The United States did not see the need for contacts with Russia on NATO forces in Europe

Kirby: The US has not informed Russia about plans to strengthen its military presence in Europe The US has not contacted Russia on military presence in Europe and believes that this is “not necessary”, said John Kirby

John Kirby

The United States did not inform Russia in advance about its plans to increase its military presence in Europe. This was stated by the coordinator for strategic communications of the National Security Council (NSC) John Kirby, reports CNN. he said.

Pentagon official Celeste Wallander, who deals with international relations, told reporters that NATO's announced measures do not violate any treaties with Russia, including the founding treaty Russia — NATO.

Earlier, NATO Secretary General Jens Stoltenberg said that the alliance will increase the rapid reaction force from 40 thousand to 300 thousand people by 2023.

He indicated that these forces will be trained and financed by different states — NATO members to defend the territories of the alliance on the eastern flank. The bloc's plans also include an increase in battle groups and deployment of military equipment in forward positions.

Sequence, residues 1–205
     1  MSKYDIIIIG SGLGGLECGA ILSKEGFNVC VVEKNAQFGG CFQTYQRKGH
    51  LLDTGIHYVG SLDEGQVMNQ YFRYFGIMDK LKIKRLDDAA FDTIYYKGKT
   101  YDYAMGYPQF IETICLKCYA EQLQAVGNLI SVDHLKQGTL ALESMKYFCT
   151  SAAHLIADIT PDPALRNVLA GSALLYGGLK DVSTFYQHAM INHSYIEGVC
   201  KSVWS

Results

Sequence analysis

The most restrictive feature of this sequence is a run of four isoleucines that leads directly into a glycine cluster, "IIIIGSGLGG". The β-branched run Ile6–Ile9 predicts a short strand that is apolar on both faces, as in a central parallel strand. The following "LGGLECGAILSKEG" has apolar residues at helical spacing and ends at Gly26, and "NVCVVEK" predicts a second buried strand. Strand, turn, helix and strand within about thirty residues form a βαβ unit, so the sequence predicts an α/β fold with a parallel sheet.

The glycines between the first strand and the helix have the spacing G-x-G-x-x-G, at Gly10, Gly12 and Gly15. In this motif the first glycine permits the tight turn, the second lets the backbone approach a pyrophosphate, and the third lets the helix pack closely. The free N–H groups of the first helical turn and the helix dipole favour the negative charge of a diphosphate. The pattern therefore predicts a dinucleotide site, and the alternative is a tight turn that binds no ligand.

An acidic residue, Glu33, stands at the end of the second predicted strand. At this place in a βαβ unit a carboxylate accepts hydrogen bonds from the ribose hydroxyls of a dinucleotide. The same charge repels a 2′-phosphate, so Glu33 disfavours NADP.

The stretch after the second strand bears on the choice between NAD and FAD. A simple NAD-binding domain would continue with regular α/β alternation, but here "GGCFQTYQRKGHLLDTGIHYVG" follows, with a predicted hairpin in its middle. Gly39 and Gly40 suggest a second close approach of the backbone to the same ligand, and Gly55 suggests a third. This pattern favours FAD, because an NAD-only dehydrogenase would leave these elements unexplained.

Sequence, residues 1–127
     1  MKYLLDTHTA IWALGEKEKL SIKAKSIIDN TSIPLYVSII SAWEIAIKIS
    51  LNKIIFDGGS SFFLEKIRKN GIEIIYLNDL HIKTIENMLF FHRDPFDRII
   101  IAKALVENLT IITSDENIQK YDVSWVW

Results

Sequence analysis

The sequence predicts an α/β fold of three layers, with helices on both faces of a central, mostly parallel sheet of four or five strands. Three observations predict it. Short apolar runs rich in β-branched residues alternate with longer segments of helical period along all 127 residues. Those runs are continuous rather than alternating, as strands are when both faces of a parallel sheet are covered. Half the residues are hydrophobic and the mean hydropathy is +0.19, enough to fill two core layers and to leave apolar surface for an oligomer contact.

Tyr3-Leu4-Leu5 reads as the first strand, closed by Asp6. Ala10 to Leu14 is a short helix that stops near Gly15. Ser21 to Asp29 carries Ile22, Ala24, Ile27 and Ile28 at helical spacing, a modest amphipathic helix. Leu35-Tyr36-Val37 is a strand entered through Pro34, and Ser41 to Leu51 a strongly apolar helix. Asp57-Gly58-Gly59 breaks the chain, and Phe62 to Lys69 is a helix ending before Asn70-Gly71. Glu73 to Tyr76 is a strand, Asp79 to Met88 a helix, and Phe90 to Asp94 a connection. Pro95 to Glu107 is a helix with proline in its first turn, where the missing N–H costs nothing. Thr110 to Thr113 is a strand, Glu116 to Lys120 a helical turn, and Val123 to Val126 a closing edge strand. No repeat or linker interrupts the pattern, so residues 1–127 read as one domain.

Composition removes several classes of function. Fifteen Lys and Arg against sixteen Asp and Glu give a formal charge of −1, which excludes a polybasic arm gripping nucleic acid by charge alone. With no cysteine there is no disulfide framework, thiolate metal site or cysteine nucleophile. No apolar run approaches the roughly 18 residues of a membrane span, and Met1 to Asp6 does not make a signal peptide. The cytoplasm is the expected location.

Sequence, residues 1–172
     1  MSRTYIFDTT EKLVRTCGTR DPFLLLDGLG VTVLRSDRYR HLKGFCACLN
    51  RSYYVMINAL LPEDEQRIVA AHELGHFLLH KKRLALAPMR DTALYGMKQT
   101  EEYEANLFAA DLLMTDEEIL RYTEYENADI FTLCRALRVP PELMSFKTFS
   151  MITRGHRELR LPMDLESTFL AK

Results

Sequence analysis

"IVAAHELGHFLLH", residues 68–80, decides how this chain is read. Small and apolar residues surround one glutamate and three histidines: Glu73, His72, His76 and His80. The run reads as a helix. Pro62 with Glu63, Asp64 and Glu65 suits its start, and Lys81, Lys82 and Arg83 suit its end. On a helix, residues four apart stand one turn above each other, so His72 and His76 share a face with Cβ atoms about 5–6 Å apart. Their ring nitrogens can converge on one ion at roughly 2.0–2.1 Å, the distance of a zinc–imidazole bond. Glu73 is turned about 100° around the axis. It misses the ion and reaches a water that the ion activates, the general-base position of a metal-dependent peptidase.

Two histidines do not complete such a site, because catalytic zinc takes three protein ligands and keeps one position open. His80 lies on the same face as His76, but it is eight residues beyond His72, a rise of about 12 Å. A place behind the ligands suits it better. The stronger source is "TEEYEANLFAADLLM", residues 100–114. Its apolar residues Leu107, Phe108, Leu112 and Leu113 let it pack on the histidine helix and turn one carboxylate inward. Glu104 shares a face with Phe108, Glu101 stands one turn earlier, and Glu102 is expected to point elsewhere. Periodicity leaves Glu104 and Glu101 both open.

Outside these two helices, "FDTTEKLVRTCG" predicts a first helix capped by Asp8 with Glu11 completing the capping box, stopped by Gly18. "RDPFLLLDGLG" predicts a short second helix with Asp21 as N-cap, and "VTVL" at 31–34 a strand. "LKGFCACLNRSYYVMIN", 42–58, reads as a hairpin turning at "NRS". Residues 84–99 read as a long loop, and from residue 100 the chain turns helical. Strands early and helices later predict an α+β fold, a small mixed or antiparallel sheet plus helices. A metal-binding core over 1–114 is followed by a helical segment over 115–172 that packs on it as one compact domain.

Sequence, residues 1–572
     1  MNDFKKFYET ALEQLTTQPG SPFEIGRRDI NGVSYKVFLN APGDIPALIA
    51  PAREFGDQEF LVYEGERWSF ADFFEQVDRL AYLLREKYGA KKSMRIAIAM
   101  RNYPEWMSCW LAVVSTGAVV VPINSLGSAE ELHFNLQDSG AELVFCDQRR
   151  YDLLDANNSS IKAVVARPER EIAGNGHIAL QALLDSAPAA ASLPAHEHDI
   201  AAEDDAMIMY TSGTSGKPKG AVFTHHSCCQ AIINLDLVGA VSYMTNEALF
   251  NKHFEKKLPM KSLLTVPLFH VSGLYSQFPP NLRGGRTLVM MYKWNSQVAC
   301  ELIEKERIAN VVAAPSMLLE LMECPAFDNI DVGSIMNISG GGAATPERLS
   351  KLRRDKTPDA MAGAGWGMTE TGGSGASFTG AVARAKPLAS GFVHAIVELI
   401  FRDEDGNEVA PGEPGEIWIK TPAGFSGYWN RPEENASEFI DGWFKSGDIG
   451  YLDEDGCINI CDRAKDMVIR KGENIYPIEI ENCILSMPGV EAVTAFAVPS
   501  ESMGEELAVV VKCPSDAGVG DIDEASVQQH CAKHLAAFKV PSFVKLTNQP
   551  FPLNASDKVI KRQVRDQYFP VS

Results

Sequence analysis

NATO countries at the summit in Madrid adopted a new strategic concept for the next ten years, identifying Russia as “the main threat to security.”

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An increase in the number of NATO troops Stoltenberg announced two days earlier. Prior to this, the newspaper El Pais, citing sources, wrote that during the NATO summit, the countries will discuss increasing the number of military alliances stationed in Europe.

The Kremlin said that the Russian Defense Ministry is developing plans to strengthen the country's western borders in response to strengthening of the North Atlantic alliance on the eastern flank.

On June 29, NATO also officially invited Sweden and Finland to join the alliance. Their membership will have to be approved by the parliaments of 30 countries— members of the military-political bloc.

Russian President Vladimir Putin, in turn, warned that the entry of Sweden and Finland into NATO could aggravate the already “difficult situation in the field of international security.” According to him, Russia will be forced to respond if additional military infrastructure appears on their territories.

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